4312 W 55th St
Chicago, IL 60632
(773) 284-7745


Pizza Castle

A photo similar to the one above at Yelp nearly scared me off Pizza Castle, making it look like a mattress store having a going out of business sale. Only the claim of housemade sausage kept them in the running. But 30 seconds inside this place, we both knew that it was the gem of the night.

The walls are covered with photos of kids in Halloween costumes— literally thousands of them; for decades Pizza Castle has handed little squares of pizza to trick or treaters, and they get kids from all over the south side now, lined up for a block for two bites of pizza and their picture to be taken. About ten seconds of chitchat from Zemans produced a photo of owner Rich Jensen, much younger and 70s-haired, posed with Cubs Hall of Fame pitcher Fergie Jenkins. A little more produced the information that he was, somehow in this old Slavic turned Latino neighborhood, of Danish extraction, the business started by his Danish parents who belonged to a long-gone community of South Side Danes.

The Danish flag decorates Singing Pizza Elmo. “That’s not dust, it’s pizza flour!” he points out.

We’re inquisitive enough that he asks us if we’re from out of town and we explain no, but from far enough away on the north side that we might as well be, and that we’re on a pizza tour. He quickly explains that his shop does things the old-fashioned way— rolls its own dough, grinds and seasons its own sausage, and so on. He’s trying to be self-deprecating about it and not seem like he’s bragging (“It’s how we’ve always done it, so we just do”) but he soon gets to the heart of the matter — “If we opened this place now, we’d just call up and order everything [premade], and ours would taste just like everybody else’s pizza and we’d go out of business in a year.” He’s reluctant to outright brag, but he knows exactly why his unassuming place is treasured by its community.


If the inside of this Faulds oven looks familiar, check about 26 minutes into this Sky Full of Bacon video.

So we’ll brag for him. This is a completely admirable pizza, one I’d drive a considerable way (from Hyde Park, say) for. The thin crust gets crisp on the bottom and caramelizes the cheese on top in a way the previous two, thicker pizzas could not. The sausage and sauce are both brighter and tastier than what we’d had before. We weren’t exactly full when we came in but we had eaten enough that we didn’t expect to finish this pizza— but in fact that’s just what we did, a bit painfully but not sorry that we did so. I’m not going to claim that we toppled the South Side crown from Vito & Nick’s, but whatever south side pizza came in second before (Aurelio’s?) just dropped a rung. Pizza Castle is easily a discovery good enough to have made the whole night worthwhile.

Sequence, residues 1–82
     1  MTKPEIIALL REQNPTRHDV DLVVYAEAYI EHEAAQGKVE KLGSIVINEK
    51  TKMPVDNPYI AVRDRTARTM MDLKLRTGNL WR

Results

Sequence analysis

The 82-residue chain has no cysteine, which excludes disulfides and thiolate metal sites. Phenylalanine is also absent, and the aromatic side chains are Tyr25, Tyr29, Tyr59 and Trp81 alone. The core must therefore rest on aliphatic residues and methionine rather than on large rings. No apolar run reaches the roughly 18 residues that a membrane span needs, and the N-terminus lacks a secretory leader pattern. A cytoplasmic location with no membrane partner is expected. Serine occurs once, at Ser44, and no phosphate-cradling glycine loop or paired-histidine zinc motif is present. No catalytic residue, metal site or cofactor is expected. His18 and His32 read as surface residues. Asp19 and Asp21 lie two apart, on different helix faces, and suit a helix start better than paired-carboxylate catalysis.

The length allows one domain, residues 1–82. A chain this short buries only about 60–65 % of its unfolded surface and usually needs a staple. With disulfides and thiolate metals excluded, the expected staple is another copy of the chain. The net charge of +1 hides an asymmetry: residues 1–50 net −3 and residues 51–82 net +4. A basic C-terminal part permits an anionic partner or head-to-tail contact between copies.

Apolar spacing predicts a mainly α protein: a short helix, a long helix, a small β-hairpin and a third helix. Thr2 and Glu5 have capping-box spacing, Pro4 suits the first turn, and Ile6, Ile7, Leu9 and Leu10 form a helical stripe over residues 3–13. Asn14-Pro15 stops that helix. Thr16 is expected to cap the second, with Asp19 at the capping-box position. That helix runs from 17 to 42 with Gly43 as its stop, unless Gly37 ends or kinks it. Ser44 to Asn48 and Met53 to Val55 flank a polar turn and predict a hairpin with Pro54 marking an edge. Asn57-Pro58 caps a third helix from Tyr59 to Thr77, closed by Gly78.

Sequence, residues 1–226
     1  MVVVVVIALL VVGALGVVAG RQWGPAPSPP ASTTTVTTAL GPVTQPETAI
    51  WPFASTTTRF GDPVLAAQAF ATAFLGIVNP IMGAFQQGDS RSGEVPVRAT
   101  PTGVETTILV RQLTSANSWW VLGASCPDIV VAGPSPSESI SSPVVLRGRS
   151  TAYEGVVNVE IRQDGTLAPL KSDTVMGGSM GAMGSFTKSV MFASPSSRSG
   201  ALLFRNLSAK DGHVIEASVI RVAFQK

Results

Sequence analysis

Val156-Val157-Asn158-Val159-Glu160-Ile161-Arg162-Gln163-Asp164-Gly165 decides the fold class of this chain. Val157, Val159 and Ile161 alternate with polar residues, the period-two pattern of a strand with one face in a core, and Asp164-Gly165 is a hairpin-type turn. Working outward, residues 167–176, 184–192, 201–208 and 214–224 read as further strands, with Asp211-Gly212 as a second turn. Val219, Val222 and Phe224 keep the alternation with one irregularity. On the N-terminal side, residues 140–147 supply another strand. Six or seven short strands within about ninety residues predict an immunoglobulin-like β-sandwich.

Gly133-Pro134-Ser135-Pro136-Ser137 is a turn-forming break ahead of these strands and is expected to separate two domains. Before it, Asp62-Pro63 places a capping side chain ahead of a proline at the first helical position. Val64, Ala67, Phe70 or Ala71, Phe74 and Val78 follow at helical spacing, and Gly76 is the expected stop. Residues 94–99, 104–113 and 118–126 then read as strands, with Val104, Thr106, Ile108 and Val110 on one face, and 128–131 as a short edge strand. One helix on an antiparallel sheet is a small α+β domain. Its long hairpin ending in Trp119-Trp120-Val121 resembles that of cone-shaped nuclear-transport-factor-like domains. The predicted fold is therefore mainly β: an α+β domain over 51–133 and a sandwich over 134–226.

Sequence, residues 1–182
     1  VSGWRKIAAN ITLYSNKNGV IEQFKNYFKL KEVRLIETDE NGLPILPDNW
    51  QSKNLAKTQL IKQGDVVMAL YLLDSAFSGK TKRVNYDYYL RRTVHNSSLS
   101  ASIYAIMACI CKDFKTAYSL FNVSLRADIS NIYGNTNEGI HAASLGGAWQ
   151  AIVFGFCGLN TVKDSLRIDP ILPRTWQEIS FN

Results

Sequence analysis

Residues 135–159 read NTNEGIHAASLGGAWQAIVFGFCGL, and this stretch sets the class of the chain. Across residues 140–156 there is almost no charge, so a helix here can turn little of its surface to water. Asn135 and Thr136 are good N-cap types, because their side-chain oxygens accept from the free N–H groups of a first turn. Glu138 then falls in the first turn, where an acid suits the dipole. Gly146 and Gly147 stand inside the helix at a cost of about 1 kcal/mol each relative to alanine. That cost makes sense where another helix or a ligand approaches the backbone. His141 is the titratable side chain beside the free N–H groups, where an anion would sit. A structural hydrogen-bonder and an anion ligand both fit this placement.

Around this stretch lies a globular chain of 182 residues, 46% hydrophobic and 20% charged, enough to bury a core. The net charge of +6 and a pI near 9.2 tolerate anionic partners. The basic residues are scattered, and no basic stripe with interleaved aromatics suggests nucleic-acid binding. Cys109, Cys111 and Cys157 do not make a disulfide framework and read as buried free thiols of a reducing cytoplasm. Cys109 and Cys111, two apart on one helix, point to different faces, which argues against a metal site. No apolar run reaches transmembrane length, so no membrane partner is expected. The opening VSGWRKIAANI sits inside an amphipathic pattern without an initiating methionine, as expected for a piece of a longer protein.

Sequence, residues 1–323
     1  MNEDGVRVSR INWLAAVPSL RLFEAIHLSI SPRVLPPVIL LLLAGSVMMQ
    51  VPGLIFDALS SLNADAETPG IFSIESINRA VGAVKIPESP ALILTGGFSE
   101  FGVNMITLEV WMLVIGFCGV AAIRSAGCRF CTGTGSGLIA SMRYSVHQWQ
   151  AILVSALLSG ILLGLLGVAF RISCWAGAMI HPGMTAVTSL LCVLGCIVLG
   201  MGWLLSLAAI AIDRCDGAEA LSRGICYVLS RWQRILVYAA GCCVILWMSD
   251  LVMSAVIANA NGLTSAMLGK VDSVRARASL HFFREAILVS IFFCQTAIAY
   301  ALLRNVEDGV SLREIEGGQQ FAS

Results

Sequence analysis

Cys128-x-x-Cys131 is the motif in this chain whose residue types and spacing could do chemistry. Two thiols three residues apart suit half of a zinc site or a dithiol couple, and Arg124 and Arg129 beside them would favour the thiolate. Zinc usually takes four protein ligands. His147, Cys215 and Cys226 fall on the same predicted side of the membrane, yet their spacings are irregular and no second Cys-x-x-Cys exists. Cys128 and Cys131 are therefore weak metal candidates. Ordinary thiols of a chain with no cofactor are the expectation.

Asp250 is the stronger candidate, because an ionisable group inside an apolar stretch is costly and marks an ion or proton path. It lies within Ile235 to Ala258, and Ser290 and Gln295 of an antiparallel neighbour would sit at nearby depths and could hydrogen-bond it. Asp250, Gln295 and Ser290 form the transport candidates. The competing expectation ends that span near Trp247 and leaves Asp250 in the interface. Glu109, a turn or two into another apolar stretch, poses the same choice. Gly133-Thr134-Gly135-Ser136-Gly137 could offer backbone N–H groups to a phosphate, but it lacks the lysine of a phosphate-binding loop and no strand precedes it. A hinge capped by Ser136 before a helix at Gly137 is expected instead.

And yet… we’ve only begun with one small neighborhood out of the south side. We pulled a bunch of potential candidates from the Beverly/Evergreen Park vicinity, before deciding to focus further west. Stay tuned for the next exciting episode… sometime.

Pizza Castle
3256 W 55th St
Chicago, IL 60632
(773) 776-1075

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The so-called aquarium smoker— I say so-called because the main manufacturer, Avenue Metal, doesn’t actually call them that, and the term was probably invented by Chowhounders/future LTHers in this thread— has seemed a bit of an endangered species to barbecue-minded foodies, facing the double threat of local restrictions on open flame and smoke smell, and the fact that gas-fired cookers with smoke boxes are easier (and, in the best hands, can produce excellent barbecue, as at Smoque).

So there was some excitement when the proprietor of a new spot, Smoke Signals, sent out press releases announcing the best BBQ in the universe or something, and featured a glass pit prominently in the middle of his shop. (I believe it is an Avenue Metal-made pit; I learned you could spot theirs by the design quirk of the hexagonally-rounded corners.) So far reports don’t seem to suggest that his ‘cue lives up to his claims, but you know, give him six months or a year, who knows? I’m glad to see someone trying, anyway.

The real news is, his isn’t the only place with a new glass pit in town.

I’m kind of surprised no one’s spotted Mary Lee’s Smokehouse, because it’s in a fairly high-profile location— on Cermak just east of Chinatown, opposite Cafe Luciano’s. And the signage isn’t shy. I’ve hit it twice now, and if it’s not a great barbecue place yet, it clearly is modeling itself on the places that do it best, and doing an entirely creditable job by the classics: